There might be places around the world that could possibly sound better than Ireland to celebrate St. Patrick’s Day, but can they beat the authenticity and experience of celebrating it in Ireland?
It cannot be denied that on St. Patrick’s Day everyone feels a little bit Irish, but think about it is there anywhere in the world you rather be than on the beautiful Emerald Isle?
So What Does Ireland Feel Like On St. Patrick’s Day?
The craic being absolute 90 (so they say), everyone is dressed in their best greens with shamrocks pinned to their coats. Find yourself sitting in a small cozy pub drinking the finest pint of Guinness you have ever tasted, music and song flowing through the air, bodhráns, Irish dancers and the Wolfe Tones being sung by crowds of proud Irish as if their songs were the National Anthem.
It’s no wonder everyone wants to be a little bit Irish on the 17th!
It will resonate with you that yes other countries may be sunny and warm, they may have lots of their own traditions but there really is nowhere like Ireland for St. Patrick’s Day.
How Irish Are You?
A big thank you to the good folks at the Irish Shop for putting together this little round up of Irish celebrations around the world.
They have a fun quiz on their site asking “How Irish Are You?”, and I am happy to report I am officially 100% Irish. I passed with flying colors, or should I say with flying green colors.
To uncover how Irish you actually are, take their “How Irish Are You?” quiz and be in with a chance of winning a voucher for $100 to spend online.
Slán agus beannacht!
(Goodbye and blessings)
Irish American Mom
Especially for Valentine’s Day, I thought we might explore the topic of romance and the Irish.
I know we are not world renowned romantics like the French and the Italians, but Ireland is a land of poets and balladeers, so we must have a romantic side too.
Sending Anonymous Valentine’s Cards:
When I was growing up in Dublin, St. Valentine’s Day was just for teenagers and those in their early 20’s. Unsigned cards were delivered through mail boxes across the city, raising all kinds of questions about would-be card senders, and potential admirers.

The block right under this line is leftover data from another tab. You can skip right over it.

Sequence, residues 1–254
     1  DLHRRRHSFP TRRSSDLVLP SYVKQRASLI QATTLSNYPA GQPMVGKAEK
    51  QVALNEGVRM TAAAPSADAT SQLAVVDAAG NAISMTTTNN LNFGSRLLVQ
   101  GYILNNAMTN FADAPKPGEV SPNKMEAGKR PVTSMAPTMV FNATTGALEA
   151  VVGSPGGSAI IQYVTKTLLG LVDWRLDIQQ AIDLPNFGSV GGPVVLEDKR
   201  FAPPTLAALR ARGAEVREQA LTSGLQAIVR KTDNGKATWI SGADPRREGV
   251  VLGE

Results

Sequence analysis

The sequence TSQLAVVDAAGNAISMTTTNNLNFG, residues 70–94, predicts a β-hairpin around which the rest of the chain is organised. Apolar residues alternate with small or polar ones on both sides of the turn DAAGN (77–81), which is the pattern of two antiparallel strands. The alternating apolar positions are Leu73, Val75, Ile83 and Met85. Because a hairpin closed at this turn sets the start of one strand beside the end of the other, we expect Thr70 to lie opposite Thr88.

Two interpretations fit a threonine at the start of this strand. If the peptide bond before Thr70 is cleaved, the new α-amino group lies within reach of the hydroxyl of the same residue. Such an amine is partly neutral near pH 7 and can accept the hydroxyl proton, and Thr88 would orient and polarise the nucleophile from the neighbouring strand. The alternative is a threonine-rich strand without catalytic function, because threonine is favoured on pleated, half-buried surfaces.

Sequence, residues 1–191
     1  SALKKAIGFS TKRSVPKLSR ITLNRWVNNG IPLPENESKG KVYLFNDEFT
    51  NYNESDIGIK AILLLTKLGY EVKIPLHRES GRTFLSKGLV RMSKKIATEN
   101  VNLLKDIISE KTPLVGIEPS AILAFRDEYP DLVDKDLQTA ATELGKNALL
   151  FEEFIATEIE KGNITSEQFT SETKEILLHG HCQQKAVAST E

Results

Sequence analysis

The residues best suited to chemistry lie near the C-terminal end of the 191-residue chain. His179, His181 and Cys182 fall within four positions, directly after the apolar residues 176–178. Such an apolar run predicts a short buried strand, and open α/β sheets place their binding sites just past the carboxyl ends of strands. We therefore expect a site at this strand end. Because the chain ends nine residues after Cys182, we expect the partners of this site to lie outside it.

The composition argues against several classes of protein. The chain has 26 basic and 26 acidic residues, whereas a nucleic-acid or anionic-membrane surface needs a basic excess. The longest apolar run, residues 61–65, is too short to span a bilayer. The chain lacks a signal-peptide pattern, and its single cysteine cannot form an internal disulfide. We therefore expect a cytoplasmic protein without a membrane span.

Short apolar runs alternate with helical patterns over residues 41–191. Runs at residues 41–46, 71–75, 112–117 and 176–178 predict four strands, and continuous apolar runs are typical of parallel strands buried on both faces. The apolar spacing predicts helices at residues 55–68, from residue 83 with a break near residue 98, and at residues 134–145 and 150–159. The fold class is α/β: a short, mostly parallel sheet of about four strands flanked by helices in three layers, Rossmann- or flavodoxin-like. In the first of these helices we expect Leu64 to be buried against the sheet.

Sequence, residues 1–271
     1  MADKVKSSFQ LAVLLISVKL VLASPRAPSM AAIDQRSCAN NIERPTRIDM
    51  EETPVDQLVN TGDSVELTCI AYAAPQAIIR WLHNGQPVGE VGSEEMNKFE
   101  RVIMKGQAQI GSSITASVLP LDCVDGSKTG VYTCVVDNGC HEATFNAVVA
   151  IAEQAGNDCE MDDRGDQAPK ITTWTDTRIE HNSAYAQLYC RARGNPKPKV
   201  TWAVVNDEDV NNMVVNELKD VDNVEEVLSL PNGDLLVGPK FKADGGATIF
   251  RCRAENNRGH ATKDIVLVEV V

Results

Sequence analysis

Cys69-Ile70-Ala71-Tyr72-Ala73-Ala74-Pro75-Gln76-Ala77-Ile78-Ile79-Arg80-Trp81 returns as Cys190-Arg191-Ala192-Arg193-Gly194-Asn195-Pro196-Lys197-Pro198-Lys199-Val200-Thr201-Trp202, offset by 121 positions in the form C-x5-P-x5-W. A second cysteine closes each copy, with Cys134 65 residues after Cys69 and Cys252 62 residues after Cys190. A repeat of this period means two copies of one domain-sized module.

Who sent who a card was the topic of the day. Now that I am many years older I realize most of the cards were sent by parents, not yearning admirers.
My Irish Romantic Credentials:
Since those early days of penning anonymous Valentine’s cards, I must confess I have done little to develop my romantic credentials.
Truth be told, the very mention of Valentine’s Day makes me cringe, just a tad. After 23 years of marriage, I understand a little about love and commitment, but when Valentine’s Day comes around I find all the commercially-driven, compulsory outpourings of love a little off-putting.
And so since my romantic credentials are so sadly lacking I thought I would recruit the help of the good folk at Celtic Cross Online, who put together this informative graphic about the Irish and romance.
Romantic Ireland’s Alive And Well:
And so, are the Irish any good at romance?
The big problem I perceive is that romance itself is very hard to define.
We Irish may not be any good at showy demonstrations of love and affection which are universally accepted as romantic gestures. But if you carefully examine the romantic traditions outlined in this graphic and our old Irish sayings, it’s clearly evident we’re very good at loyalty and commitment.
For me, romance has nothing in the world to do with money wasted on unnecessary gifts or flowers. For me, romance is something completely intangible and priceless. It’s the ongoing devotion that helps us plod onward together in life, through thick and thin, always trusting in each other’s love and support.
Happy Valentine’s Day to all!
Slán agus beannacht,
(Goodbye and blessings)
Irish American Mom
P.S. This is not a sponsored post and I don’t have a business relationship with the good folks at Celtic Cross Online. I simply enjoyed their infographic, appreciate the effort they put into creating it, and thought you might like it too.